Columns Government & Politics Mark Silk: Spiritual Politics Opinion

McCain’s civil religion versus Trump’s

Sen. John McCain waits as he is introduced to speak at a rally in Cedar Falls, Iowa, on Oct. 26, 2008. McCain died Aug. 25, 2018. (AP Photo/Carolyn Kaster)

The day of John McCain’s funeral, New Yorker staff writer Vinson Cunningham characterized the late senator as “high priest” of “an American religion” and Donald Trump as “its chief heretic.” More precisely, McCain can be seen as an exemplar of what the late sociologist Robert Bellah identified as the American civil religion, Trump as promoter-in-chief of its darker alternative.

In a famous 1967 essay, Bellah argued that the American civil religion was a bona fide religious phenomenon, an”elaborate and well institutionalized” amalgam of high principles and public liturgies existing “alongside of but rather clearly differentiated from the churches.” He traced it back to the country’s founding, but fixed on Abraham Lincoln as its embodiment, thanks to Lincoln’s articulation of the country’s ideals, his bringing slavery to an end, and his personal martyrdom.

When the essay was written, the American civil religion’s foremost expression was the civil rights movement, and indeed, in the years since, Martin Luther King, Jr.’s “I Have a Dream” speech has became its best-known text, outranking the Declaration of Independence and the Gettysburg Address in its familiarity to the public at large.

But even as he celebrated what the civil religion could accomplish, Bellah was deeply concerned that the war in Vietnam would pervert it. “If the war goes on and expands, if that fatal process continues to accelerate until America becomes what it is not now and never has been, a seeker after unlimited power and empire, then Vietnam will have had a mighty and tragic fallout indeed,” he wrote. King himself was increasingly worried about the war, and found in Bellah’s essay the civil religious terminology to oppose it.

In fact, Vietnam became the crucible of a civil religious war that continues to this day. On the one hand, there’s the Bellah-King civil religion, promoting justice and equality for all, welcoming immigrants, seeking to advance democratic values around the world, and valorizing civil disobedience and dissent. On the other hand, there’s the America First civil religion  that is nationalist and nativist, worried about the loss of “traditional” values and suspicious of racial, ethnic, and religious outsiders.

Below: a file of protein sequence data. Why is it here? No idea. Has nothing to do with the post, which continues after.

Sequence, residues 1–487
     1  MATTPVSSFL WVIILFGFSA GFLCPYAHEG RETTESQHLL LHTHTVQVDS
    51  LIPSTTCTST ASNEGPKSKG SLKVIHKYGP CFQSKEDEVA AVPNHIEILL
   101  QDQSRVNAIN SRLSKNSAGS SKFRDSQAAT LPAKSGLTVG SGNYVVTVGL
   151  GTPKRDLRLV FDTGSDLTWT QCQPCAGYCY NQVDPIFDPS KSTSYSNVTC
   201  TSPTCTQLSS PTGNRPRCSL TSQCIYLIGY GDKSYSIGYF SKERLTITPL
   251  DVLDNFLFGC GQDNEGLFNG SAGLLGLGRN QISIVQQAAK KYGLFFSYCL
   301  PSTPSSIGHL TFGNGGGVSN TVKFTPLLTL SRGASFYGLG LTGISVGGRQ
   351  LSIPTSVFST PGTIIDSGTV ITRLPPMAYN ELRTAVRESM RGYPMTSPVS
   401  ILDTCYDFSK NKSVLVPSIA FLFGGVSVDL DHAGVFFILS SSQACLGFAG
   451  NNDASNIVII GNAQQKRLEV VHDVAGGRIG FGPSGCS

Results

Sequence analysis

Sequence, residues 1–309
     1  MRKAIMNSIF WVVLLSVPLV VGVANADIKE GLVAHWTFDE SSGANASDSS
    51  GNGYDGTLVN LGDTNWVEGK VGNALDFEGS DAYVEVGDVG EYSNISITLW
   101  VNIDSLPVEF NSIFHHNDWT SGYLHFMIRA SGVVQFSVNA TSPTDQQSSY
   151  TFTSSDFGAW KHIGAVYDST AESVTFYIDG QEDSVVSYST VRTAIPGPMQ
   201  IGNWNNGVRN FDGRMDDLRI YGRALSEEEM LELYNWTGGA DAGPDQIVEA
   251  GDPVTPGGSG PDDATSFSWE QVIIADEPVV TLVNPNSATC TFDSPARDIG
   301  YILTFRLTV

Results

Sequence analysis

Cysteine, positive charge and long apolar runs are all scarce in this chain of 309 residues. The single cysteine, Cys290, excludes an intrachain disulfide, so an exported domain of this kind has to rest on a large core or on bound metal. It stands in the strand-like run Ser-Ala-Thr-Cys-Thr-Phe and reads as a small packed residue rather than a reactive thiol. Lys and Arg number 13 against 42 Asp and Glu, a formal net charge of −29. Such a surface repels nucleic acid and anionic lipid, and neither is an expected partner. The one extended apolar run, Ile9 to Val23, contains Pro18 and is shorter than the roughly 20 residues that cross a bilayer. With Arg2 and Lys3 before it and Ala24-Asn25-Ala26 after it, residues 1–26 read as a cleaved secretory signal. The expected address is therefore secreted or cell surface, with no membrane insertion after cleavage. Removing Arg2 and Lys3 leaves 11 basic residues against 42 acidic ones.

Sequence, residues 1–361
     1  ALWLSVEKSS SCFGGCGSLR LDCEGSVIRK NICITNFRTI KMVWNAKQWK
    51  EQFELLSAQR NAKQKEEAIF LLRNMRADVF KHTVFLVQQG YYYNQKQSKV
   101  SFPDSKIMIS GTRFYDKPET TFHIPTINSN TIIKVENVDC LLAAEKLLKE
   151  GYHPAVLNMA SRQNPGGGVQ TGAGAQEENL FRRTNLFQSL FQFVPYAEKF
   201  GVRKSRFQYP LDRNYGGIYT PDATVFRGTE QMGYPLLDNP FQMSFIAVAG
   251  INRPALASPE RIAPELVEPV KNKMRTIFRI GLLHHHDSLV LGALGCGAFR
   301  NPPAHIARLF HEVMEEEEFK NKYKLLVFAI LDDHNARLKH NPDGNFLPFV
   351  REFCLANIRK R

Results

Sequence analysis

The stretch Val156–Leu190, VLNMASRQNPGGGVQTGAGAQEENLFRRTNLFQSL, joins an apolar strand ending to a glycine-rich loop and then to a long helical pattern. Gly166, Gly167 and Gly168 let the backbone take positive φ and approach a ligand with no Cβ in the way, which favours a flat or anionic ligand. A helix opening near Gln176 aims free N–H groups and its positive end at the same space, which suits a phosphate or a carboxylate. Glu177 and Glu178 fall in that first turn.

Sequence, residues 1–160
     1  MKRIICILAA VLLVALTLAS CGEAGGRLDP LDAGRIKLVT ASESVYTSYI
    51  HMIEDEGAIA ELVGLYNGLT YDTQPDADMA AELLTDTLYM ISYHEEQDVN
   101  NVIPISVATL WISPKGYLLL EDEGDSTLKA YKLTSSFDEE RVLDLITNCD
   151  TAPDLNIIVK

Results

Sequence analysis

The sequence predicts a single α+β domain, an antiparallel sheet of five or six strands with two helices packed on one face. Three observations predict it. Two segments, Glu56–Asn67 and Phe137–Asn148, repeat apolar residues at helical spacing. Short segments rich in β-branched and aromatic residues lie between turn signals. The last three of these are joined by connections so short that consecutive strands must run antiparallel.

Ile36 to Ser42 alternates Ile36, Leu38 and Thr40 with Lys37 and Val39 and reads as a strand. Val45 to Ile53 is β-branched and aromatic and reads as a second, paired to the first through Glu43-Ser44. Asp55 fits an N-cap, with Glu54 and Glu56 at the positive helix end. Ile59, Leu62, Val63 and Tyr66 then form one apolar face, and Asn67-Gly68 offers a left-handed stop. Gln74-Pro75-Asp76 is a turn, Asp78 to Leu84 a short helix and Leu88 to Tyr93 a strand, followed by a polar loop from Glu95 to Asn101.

Barack Obama sought, with indifferent success, to reanimate the first version. Donald Trump, the anti-Obama, rode the second to the presidency. John McCain, for all his policy disagreements with Obama, was firmly in the Bellah-King camp.

He not only stood for its ideals, but the wounds and torture he suffered in Vietnam made him into a kind of living martyr for them. It is not without irony that the war that made Bellah and King so fearful for the fate of the American civil religion should have created an avatar of it. But, as McCain’s too ready support for the war in Iraq showed, a besetting weakness of the civil religion has been its tendency to overreach abroad.

In the past week, McCain’s defense of Obama during a 2008 campaign rally was recalled many times. Largely forgotten was how, eight years earlier, he had fatally injured his effort to secure the GOP presidential nomination by attacking Jerry Falwell and Pat Robertson as “agents of intolerance” who “shame our faith, our party and our country.”

In his farewell letter, he declared:

We are citizens of the world’s greatest republic. A nation of ideals, not blood and soil. We are blessed and a blessing to humanity when we uphold and advance those ideals at home and in the world. We have helped liberate more people from tyranny and poverty than ever before in history. We have acquired great wealth and power in the progress. We weaken our greatness when we confuse our patriotism with rivalries that have sown resentment and hatred and violence in all the corners of the globe. We weaken it when we hide behind walls rather than tear them down, when we doubt the power of our ideals rather than trust them to be the great force for change they have always been.

It is a text that will live in the annals of American civil religion. Whether its point of view will win out is far from clear.

About the author

Mark Silk

Mark Silk is Professor of Religion in Public Life at Trinity College and director of the college's Leonard E. Greenberg Center for the Study of Religion in Public Life. He is a Contributing Editor of the Religion News Service